Welcome to Wild In Britain, an occasional and irregular photo journal of my encounters with all types of wildlife in the British Isles. All species featured on the site are wild, and all photographs are the copyright of Ben Locke. For prints and licensing click here. Please also take a look at my main site BenLocke.co.uk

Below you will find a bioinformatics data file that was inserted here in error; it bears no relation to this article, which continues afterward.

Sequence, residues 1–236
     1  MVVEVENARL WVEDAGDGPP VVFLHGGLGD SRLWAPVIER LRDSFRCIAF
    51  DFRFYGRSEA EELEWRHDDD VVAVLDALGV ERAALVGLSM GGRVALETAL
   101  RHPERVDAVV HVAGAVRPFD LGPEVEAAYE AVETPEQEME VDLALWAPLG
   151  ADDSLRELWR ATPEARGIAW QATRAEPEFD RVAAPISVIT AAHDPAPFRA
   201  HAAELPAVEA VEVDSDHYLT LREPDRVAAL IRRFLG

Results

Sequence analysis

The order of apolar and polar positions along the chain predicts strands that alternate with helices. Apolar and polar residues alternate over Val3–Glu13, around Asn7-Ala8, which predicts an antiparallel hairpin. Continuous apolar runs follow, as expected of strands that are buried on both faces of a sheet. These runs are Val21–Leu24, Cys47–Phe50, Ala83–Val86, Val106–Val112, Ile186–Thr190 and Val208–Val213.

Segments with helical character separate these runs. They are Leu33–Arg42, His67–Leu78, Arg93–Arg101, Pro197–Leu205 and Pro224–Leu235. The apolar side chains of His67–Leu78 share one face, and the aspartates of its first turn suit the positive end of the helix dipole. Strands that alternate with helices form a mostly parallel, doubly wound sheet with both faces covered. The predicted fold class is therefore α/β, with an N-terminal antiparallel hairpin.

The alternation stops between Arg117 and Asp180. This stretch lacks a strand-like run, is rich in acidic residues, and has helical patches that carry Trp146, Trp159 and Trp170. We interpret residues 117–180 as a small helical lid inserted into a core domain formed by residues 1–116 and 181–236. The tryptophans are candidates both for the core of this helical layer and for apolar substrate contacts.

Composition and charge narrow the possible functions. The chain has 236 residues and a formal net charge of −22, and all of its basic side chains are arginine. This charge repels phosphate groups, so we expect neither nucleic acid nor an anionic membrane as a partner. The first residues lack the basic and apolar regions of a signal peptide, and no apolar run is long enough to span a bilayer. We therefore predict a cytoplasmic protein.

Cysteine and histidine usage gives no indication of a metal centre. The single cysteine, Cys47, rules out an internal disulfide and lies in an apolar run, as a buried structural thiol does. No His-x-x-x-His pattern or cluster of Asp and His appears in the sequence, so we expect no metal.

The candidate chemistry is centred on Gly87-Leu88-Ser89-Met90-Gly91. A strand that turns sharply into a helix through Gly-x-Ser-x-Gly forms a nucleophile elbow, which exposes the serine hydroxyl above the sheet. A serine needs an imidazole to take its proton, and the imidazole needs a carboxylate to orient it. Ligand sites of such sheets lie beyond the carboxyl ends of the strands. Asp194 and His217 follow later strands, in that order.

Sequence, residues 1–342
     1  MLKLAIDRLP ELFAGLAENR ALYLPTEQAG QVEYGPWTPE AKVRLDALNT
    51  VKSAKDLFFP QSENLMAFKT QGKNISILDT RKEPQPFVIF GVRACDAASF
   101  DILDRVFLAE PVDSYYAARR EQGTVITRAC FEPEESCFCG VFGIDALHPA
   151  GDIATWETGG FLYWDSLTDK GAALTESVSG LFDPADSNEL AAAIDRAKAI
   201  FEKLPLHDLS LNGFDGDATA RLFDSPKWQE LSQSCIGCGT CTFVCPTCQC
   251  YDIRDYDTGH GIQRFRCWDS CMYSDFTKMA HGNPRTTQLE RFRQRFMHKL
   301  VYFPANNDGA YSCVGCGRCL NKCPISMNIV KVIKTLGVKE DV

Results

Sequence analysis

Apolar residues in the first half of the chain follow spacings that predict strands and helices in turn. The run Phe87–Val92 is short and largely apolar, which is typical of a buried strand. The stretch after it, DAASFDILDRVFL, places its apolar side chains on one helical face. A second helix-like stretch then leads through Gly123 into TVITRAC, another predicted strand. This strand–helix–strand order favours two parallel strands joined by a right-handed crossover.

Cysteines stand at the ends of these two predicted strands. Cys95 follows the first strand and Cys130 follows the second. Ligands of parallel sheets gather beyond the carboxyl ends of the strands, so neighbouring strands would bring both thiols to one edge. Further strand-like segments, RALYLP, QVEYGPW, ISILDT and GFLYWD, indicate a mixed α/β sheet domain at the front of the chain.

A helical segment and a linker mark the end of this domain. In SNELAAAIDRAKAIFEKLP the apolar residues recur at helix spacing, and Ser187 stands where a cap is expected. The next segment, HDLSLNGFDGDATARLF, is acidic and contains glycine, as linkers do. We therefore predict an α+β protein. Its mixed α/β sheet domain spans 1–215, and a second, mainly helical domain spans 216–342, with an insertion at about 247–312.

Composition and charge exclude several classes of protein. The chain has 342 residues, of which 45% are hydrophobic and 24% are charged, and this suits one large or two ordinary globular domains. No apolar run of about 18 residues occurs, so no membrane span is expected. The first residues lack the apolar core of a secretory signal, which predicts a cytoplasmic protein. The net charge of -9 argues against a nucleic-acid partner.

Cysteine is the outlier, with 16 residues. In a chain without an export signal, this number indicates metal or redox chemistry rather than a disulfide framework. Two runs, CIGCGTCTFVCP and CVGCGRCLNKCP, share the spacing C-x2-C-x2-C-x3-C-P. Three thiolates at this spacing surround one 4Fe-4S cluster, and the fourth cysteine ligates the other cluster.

The European Nightjar Caprimulgus europaeus can be a tricky species to study. Often, the male Nightjar’s unique churring call is the only sign that these migrants have arrived in the UK for the summer, unless you are lucky enough to see one silhouetted against the moonlight. This is a species associated with myths and legends. In many European languages, the Nightjar is known as the ‘goatsucker,’ with the genus name Caprimulgus deriving from the Latin for ‘milker of goats’. It was believed that Nightjars fed from goats due to often being found in close proximity to livestock. In reality, this insectivorous species would have been searching for prey associated with domestic animals. Others believed the calls of the Nightjar were the sound of witches hiding in the bushes.